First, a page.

16 Horizontal Gene Transfer (HGT) There are three primary mechanisms by which HGT can occur: Transformation Where genes are transferred as small circular pieces of DNA called plasmids Transduction Where genes are transferred by viral bacteriophages Conjugation Where genes are transferred via physical contact of the two cells. Usually the cells are joined by a pilus.

17 Mobile genetic elements When looking for genes that are likely to be transferred between bacteria, one should look for genes encoded on plasmids and in bacteriophages, since they are mobile genetic elements that facilitate HGT. It is known that antibiotic resistance is transferred by HGT, and that genes for some toxins are also transferred this way.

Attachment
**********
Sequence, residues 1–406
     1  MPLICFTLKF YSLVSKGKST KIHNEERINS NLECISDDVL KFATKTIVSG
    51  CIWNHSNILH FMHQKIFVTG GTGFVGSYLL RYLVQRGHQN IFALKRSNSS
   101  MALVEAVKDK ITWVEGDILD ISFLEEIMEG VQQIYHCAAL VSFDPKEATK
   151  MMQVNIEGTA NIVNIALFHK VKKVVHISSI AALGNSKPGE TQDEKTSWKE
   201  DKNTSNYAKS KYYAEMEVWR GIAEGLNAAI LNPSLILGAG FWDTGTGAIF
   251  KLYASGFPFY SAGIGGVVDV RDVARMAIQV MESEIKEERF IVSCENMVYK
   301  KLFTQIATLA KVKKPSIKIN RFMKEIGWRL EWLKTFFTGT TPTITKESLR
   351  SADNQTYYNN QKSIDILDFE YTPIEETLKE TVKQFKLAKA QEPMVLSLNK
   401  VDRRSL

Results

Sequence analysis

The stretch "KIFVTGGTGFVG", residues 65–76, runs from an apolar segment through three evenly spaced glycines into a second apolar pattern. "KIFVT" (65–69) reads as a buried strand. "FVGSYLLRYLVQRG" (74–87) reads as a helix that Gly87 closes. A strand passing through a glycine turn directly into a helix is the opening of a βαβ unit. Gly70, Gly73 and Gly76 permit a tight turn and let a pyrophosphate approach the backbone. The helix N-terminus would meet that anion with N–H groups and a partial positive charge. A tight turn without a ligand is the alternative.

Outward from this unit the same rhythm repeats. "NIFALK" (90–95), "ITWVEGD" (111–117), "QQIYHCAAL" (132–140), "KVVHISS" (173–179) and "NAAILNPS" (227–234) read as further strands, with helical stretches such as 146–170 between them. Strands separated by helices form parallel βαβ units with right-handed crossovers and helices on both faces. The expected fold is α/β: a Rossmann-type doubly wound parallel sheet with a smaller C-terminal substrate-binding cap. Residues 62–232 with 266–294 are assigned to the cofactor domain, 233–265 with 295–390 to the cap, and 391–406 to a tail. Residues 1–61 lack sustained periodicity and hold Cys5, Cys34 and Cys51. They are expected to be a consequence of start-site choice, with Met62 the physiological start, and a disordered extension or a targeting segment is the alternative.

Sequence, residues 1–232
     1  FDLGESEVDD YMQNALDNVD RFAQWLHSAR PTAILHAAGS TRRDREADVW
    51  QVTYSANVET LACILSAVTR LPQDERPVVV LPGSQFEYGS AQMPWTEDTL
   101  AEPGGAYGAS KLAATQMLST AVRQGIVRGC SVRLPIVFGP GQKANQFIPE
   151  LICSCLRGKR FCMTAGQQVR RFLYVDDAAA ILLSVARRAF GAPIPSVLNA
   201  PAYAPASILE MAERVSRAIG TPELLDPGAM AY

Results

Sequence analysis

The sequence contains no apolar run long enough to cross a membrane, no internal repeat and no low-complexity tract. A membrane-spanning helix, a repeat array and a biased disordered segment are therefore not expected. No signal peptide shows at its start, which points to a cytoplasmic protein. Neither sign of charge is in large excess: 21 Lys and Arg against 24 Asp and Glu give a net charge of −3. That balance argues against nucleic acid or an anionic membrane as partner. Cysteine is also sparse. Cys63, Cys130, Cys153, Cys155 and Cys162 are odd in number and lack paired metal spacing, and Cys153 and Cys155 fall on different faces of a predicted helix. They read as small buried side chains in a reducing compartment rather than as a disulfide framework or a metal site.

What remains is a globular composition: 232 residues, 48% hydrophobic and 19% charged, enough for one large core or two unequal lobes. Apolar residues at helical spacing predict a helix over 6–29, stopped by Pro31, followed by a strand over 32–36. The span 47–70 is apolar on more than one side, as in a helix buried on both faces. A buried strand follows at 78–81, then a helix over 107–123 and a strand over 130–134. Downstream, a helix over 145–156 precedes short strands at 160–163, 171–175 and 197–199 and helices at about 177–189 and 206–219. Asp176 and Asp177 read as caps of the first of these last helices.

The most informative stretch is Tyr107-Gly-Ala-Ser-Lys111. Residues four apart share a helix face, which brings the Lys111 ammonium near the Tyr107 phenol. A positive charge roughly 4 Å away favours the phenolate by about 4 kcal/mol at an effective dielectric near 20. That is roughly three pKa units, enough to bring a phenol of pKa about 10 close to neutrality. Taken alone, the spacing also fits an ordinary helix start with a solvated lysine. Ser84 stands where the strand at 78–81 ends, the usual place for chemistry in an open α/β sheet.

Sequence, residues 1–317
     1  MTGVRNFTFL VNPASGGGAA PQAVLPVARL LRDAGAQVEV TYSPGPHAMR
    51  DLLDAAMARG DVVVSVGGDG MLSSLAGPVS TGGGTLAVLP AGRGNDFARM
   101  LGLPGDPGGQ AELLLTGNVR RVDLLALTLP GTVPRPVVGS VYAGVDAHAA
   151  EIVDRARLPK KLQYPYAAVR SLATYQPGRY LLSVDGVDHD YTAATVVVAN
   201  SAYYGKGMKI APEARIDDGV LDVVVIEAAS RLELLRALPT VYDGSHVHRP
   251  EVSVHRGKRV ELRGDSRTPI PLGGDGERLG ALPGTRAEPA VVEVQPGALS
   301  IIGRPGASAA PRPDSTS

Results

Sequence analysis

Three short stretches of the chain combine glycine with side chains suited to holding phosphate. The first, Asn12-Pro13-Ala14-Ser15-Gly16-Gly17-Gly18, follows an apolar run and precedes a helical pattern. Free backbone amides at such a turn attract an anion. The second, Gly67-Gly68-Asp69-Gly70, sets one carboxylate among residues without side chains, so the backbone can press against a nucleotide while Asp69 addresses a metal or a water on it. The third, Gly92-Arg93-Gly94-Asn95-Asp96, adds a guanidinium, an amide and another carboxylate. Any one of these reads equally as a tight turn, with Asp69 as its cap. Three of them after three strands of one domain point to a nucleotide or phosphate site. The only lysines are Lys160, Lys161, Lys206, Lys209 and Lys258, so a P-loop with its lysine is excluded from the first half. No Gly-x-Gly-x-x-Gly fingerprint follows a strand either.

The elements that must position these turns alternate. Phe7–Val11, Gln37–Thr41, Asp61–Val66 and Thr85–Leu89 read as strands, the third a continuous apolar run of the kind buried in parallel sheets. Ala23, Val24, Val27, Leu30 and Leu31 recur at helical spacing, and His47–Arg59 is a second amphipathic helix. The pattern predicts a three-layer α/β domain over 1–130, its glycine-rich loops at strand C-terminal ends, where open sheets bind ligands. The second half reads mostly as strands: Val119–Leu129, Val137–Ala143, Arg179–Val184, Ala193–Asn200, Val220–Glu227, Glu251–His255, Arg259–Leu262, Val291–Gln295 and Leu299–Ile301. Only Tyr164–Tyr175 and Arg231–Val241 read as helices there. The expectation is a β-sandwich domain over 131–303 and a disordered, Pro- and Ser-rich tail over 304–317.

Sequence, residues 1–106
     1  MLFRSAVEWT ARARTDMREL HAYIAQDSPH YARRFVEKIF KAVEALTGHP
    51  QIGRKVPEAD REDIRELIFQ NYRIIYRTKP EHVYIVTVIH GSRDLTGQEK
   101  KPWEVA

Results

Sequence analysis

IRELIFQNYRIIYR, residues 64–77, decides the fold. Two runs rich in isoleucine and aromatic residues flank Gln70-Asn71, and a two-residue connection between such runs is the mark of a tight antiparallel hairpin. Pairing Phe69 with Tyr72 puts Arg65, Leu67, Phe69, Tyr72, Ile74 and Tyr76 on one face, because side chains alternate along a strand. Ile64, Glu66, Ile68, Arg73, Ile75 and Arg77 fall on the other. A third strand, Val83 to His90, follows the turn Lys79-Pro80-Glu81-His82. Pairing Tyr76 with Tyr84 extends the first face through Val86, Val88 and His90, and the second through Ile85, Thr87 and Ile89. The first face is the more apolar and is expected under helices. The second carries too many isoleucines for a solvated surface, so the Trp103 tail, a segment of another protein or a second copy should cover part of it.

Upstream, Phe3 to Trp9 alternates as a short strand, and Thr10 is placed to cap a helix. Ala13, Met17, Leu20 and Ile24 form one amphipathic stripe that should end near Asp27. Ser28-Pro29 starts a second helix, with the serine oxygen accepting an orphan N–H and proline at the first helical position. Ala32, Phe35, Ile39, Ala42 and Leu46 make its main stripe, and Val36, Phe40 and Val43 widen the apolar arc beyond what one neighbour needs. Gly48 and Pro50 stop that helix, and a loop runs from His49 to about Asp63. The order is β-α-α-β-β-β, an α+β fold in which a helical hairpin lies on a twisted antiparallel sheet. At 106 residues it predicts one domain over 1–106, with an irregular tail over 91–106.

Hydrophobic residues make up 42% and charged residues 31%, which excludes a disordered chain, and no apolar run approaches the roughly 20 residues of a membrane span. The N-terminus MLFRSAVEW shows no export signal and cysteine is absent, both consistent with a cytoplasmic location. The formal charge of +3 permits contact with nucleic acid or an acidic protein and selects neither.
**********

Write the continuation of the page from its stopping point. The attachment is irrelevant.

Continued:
18 HGT and phylogenetic studies When the objective of a phylogram is to illustrate the relationship of whole organisms, highly conserved genes are compared. If less conserved genes were used, the resulting phylogram would show organisms that have undergone HGT as being more related than they really are. By analyzing such a phylogram for these discrepancies, it is possible to see where HGT has occurred.

19 Finding out which toxins are undergoing HGT Bacterial toxins are a serious public health concern. It would be advantageous to know if, and which, bacterial toxin genes pass between bacterial populations. A phylogram to identify points of HGT can be constructed with a multiple sequence alignment tool. For this project I used the ClustalW2 program from the European Bioinformatics Institute to analyze toxin gene sequences that I obtained from the National Center for Biotechnology Information Gene database.